Abdominal oblique injuries, also known as side strains, are common in rotational sports such as baseball, tennis, golf, and track and field. These injuries are characterized by a sudden, sharp onset of pain near or on the side of the rib cage. The injury usually occurs during some type of rotational sports movement such as swinging a bat, club or racket; or throwing a ball.
Trunk rotation plays an important role in generating and transferring power during sport. It is through the trunk or core, that forces are transferred from the lower body to the shoulder and arms. Activities such as throwing and swinging require the core muscles to both stabilize the trunk and create force in order to transfer power to the upper body.
Anatomy of the Abdominal Oblique Muscles
The core includes the thoracolumbar, abdominal, pelvic, and hip musculature. These muscle groups provide trunk stability to allow integrated limb movements, such as throwing and swinging, to occur. The abdominal core muscles include the rectus abdominis, transversus abdominis, internal oblique and external oblique. Most abdominal injuries occur in the internal and external oblique muscles. Less commonly, injuries can occur to the intercostal muscles between the ribs themselves.
The Role of the Oblique Muscles in Sport
The internal and external oblique muscles are responsible for flexion and rotation of the trunk, as well as providing trunk stabilization during complex sports movements. Poor mobility of the hips or thoracic spine can contribute to excessive stress and compensation through the trunk musculature during swinging or throwing. Rehabilitation often addresses hip mobility with manual therapy techniques performed by the physical therapist. An imbalance between right and left side oblique muscles are also common is in sports such as golf and baseball. This may place excessive forces through the lead side oblique musculature. Finally, the large forces generated by lower body muscles (quadriceps and hamstrings) may overpower the weaker core musculature leading to injury during explosive sports movements.
The incidence of Abdominal Oblique Injuries in Baseball
A 2010 study in the American Journal of Sports Medicine investigated the incidence and trends of abdominal injuries in professional baseball players. From 1991 through 2010, abdominal strains accounted for approximately 5% of all injuries in Major League Baseball. Nearly half of these injuries occurred in pitchers. These injuries occurred most often during the early part of the season.
In both pitchers and position players, the majority of injuries occurred on the side opposite to their throwing arm. Pitchers missed, on average 35 days on the disabled list, while position players missed 26 days on average. Players who receive steroid or PRP injections have been shown to miss more time from injury. More than 1 out of every 10 sustained a re-injury during their career. Most of these re-injuries occurred during the same or the following season. As a result of these injury trends, many MLB teams have increased their focus on preemptive core and trunk strengthening exercises for all players.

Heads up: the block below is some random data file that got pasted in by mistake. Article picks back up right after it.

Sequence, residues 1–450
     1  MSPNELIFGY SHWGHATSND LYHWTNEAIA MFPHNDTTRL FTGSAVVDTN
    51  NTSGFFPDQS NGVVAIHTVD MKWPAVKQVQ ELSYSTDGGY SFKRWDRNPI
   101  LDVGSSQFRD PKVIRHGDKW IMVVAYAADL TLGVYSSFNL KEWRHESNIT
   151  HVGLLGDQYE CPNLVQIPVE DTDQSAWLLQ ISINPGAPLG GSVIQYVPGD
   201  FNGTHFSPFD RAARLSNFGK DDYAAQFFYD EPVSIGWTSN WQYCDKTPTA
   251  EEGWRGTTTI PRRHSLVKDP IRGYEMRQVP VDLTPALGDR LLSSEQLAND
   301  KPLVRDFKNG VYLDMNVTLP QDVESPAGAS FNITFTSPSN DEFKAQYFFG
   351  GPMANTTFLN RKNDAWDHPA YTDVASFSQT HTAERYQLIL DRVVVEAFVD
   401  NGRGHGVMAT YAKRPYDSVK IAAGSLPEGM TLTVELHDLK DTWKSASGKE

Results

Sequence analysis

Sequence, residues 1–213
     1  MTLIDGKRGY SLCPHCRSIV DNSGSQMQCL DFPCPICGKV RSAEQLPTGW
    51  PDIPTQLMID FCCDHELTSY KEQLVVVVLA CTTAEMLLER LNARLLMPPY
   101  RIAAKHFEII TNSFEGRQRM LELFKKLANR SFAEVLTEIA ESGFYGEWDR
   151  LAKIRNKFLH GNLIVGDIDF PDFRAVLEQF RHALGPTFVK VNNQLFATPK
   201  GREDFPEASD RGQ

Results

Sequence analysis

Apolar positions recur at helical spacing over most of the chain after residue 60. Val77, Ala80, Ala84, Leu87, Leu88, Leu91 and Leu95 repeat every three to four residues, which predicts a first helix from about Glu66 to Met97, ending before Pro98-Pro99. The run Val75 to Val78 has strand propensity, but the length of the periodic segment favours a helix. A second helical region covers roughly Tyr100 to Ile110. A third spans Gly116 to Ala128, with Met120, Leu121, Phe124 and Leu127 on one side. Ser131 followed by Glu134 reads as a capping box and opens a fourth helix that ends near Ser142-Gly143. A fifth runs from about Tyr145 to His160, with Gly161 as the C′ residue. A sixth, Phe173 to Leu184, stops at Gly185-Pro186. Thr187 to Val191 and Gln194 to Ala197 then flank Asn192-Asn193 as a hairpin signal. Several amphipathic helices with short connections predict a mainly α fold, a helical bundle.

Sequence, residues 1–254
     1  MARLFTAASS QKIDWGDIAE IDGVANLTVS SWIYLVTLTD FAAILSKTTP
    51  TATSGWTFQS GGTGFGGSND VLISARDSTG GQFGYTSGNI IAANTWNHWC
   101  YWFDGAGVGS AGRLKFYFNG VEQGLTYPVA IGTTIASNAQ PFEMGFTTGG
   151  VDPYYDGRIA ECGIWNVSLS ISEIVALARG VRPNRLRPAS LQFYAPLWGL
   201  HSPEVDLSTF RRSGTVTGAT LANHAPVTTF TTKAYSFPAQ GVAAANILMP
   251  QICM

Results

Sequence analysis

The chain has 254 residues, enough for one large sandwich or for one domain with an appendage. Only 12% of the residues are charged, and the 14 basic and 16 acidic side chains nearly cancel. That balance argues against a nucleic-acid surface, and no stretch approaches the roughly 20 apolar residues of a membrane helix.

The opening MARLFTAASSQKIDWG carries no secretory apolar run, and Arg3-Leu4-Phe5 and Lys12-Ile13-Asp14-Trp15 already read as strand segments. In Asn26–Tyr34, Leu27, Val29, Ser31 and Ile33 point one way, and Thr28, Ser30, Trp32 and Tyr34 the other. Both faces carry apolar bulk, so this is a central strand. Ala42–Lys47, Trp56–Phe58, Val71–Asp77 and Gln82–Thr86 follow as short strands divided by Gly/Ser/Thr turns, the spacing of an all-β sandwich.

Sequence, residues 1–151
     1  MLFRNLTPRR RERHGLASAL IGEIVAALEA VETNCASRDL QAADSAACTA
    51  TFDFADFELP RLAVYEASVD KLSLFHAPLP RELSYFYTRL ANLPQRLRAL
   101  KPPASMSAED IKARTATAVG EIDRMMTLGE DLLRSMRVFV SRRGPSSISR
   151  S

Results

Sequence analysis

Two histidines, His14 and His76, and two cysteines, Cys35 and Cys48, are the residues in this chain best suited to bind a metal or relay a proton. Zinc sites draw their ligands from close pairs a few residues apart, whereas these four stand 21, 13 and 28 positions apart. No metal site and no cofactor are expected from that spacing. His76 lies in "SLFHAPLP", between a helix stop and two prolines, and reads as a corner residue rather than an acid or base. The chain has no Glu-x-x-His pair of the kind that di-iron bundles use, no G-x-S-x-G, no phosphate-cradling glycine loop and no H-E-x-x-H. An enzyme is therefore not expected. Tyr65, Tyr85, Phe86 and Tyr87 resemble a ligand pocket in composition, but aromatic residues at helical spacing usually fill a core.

The incidence of abdominal oblique injuries is on the rise in rotational sports such as baseball and golf. These injuries can result in substantial loss of playing time. Proper training can prevent abdominal oblique injuries from occurring. In a few weeks, I will post an article describing exercises which can help reduce the risk of sustaining an injury. These exercises can also be part of a comprehensive rehabilitation program to safely return an injured athlete back to sport.
Camp CL, Conte S, Cohen SB, et al. Epidemiology and impact of abdominal oblique injuries in major and minor league baseball. Orthop J Sport Med. 2015;5(3):1-8. doi:10.1177/2325967117694025.
Conte SA, Thompson MM, Marks MA, Dines JS. Abdominal muscle strains in professional baseball. Am J Sports Med. 2010;40(3):650-656. doi:10.1177/0363546511433030.
Nealon AR, Kountouris A, Cook JL. Side strain in sport: A narrative review of pathomechanics, diagnosis, imaging and management for the clinician. J Sci Med Sport. 2017;20:261-266.
Baseball players will lose range of motion in their throwing shoulder and elbow following a pitching session. This loss of range of motion becomes cumulative over the course of a season. Range of motion deficits have been shown to increase the risk of arm injury in baseball players. Baseball stretching routines performed over the course of a season can help reduce this risk. Also, stretching drills during baseball games, or between innings, is another method to combat muscle tightness and loss of range of motion in baseball pitchers.
The two-out drill has been developed by researchers from the California State University in Sacramento, and world-renowned orthopaedic surgeon Dr. James Andrews. These seven baseball stretching exercises can be performed in approximately one minute between innings. During game situations, the drill is initiated after two outs have been recorded and prior to the pitcher taking the mound each inning. Performing this drill has been shown to restore professional baseball pitchers shoulder range of motion back to pre-pitching levels. The seven baseball stretching exercises are described below with a video to follow.